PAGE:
Gray Water: Waste water from sinks and showers. This waste water will dump into the gray water tank. (See Gray Tank).
Hard-sided: An RV's walls made of aluminum or any other hard material.
Hitch Weight or Tongue Weight: The amount of weight imposed the hitch bears when the trailer/fifth-wheel is connected. Hitch weight for a travel trailer runs around 10-15 percent of overall weight; fifth-wheel hitch weight can be up to 18 to 20 percent of overall weight.
Holding Tanks: The tanks in an RV that hold black and gray waste water. The gray water tank holds waste water from the sinks and shower; the black water tank holds sewage from the toilet.
Hula Skirt: A skirt placed on the back bumper of an RV to prevent (or at least reduce) debris that is thrown from the rear wheels and might cause damage to anything being towed behind the motor home other vehicles behind the RV.
Inverter: A unit that changes 12-volt direct current to 110-volt alternating current. An inverter will allow powering of computers, phone chargers, and appliances when an RV is not hooked up to electrical.
Island Queen: A queen sized bed that has space to walk around it on both sides.
Jake Brake: Also known as an exhaust brake. A compression release engine brake. This device is installed on the engine which causes deceleration by restricting the exhaust gases. Exhaust brakes are used to supplement the service brakes of a vehicle and to increase stopping power. Especially useful to slow heavy loads down steep grades.
Kingpin: The pin that connects a fifth wheel to the towing vehicle. It slides into the fifth wheel hitch and locks in place.
Leveling: Positioning the RV in camp so it will be level, using small ramps and blocks (also called levelers or chocks) placed under the wheels. Scissor or power leveling jacks make leveling the mobile home easier. Leveling comes before stabilizing on your towable RV!
Motorcoach: Term for a motor home built on a bus or custom chassis chassis.
Moochdocking: The act of parking an RV in front of a friend's home and proceeding to use their electricity, sewage, and general hospitality.
Part-timers: People who do not use their RV full-time or year-around.
Patio Mat: A rubber or plastic mat placed at the entrance of an RV. Helps to keep RV and entire site clean and way from sand and dirt.
Pitch-in – An RV campground potluck, typically occurring with a caravan of campers. Everyone brings a dish to share.
Pull-through: A campsite positioned so that the RV driver can to pull into the site to park, then pull forward out the other side to leave. The Pull-through saves the Class A and large Fifth-Wheels from undertaking sometimes precarious backing out attempts.
Rig: A common term for what many people call their RVs.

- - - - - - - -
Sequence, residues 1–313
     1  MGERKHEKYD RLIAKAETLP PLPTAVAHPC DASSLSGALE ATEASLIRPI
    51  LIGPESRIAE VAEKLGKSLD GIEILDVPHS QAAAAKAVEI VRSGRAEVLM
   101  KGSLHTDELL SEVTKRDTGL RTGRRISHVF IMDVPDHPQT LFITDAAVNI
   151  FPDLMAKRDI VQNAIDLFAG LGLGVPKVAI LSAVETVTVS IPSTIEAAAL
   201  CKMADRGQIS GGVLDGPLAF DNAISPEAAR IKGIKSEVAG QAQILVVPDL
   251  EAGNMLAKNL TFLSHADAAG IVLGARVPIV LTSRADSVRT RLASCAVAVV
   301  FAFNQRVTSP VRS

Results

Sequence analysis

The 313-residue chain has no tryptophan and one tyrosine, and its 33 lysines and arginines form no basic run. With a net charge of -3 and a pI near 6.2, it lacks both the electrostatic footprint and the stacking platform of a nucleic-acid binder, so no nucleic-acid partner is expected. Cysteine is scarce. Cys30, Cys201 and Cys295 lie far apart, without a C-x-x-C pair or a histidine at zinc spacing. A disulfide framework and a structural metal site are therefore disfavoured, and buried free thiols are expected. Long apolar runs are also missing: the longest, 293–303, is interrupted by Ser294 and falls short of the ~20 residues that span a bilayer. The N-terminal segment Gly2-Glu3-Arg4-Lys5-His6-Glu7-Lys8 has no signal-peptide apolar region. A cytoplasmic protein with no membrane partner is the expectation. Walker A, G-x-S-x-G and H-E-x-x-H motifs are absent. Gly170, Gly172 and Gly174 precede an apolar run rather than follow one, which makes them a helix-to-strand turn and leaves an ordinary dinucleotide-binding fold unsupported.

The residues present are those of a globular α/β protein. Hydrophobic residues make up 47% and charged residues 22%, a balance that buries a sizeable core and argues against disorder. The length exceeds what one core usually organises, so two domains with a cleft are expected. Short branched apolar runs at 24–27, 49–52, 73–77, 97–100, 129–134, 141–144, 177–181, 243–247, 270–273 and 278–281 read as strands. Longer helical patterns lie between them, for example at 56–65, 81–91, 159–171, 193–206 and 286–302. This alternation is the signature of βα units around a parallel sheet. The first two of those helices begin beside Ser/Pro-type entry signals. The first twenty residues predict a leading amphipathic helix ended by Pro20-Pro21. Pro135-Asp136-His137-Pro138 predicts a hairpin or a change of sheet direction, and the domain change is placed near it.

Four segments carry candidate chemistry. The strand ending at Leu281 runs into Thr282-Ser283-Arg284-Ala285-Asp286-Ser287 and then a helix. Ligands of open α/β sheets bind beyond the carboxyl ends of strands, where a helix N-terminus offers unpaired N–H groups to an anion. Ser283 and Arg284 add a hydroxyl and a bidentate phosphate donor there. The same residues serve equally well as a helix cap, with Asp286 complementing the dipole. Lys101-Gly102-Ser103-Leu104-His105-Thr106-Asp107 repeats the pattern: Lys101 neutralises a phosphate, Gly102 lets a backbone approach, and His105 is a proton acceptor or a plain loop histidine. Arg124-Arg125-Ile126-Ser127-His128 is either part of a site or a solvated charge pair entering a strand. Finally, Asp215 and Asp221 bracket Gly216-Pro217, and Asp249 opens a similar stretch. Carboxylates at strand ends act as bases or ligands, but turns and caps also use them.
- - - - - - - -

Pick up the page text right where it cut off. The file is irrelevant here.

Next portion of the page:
Shank : Also known as a hitch bar or stinger, the shank slides out of the hitch system that carries the ball or adjustable ball mount. It slides into the receiver.
Shore Cord: The (often grounded) extension cord that connects to the campground electrical hookup so the RV can get power.
Shore Power: Electricity provided to the RV by the campsite’s electrical hook up. Yes, this is another boating term adopted by the RV community.
Slideout: An RV with "slide outs" that extend out and widens the unit, thus adding more living space. A slideout is operated either by hydraulics, electricity or manually when the RV is stationary and setup for camping.
Slide Topper: An awning that extends out over a slideout in order to keep out leaves and debris from the top of the slideout.
Snowbird: Term for someone in a northern climate that heads "south" to live somewhere warm for the winter months.
Stabilizing Jack: A jack inserted under or lowered from trailers and motor homes for the purpose of stabilizing the RV while in a parked position. A stabilizing jack does not bear significant weight and is only used to keep your RV stabilized after you’ve already gotten it level.
Stinky Slinky: A slang term for the sewer hose.
Sway: Also known as yaw, this trailer fishtailing action occurs when wind or sharp curves make the trailers move from side to side. Reduce speed should any sway begin because it can get powerful enough to yank the tow vehicle from the road.
Toad: Also known as a dinghy. A toad is what's being towed behind an RV.
Tow Rating: The manufacturer's rating of the maximum weight limit that can safely be towed by a particular vehicle. Tow ratings are related to overall trailer weight, not trailer size, in most cases. However, some tow ratings impose limits as to frontal area of the trailer and overall length. The vehicle manufacturer according to several criteria, including engine size, transmission, axle ratio, brakes, chassis, cooling systems, and other special equipment, determines tow ratings.
Toy Hauler: Term for fifth wheel, travel trailer or motorhome with built-in garage area. Toy haulers have a fold down ramp for motorcycles, ATV's and other motorized "toys."
Winterize: The preparation of the RV for winter use or storage and something every RV owner must do. When the RV sits idle, belts and bolts can loosen or become ineffective. The RV is designed to be driven regularly, so part of the weatherization process is determining who will start and drive it at regular intervals.
Van Camper: Another word to describe a Class B touring van.
Wet Bath: A type of bathroom in an RV where the shower and toilet are combined in the same room.
Wet Weight: The weight of an RV when all tanks are full (fuel, water, and propane).
Workamping: A person living in and working from an RV. A "workamper" is someone "workamping" from the comfort of their RV.
La Mesa RV Supports Your Camping Adventures in Every Way!
While buying and maintaining your new RV can feel intimidating at first, know that La Mesa RV is here to provide all the amenities you’ll need to make life in the great outdoors comfortable, thrilling, and fun. We’ve spent the past 40 years refining every detail of top-of-the-line RV service and have fixed the major and minor issues every brand exhibits. If you see a gorgeous Winnebago, Tiffin, Roadtrek, Fleetwood, Thor Motor Coach or any model catching your eye, don’t hesitate to call us at 800-496-8778 or email us today!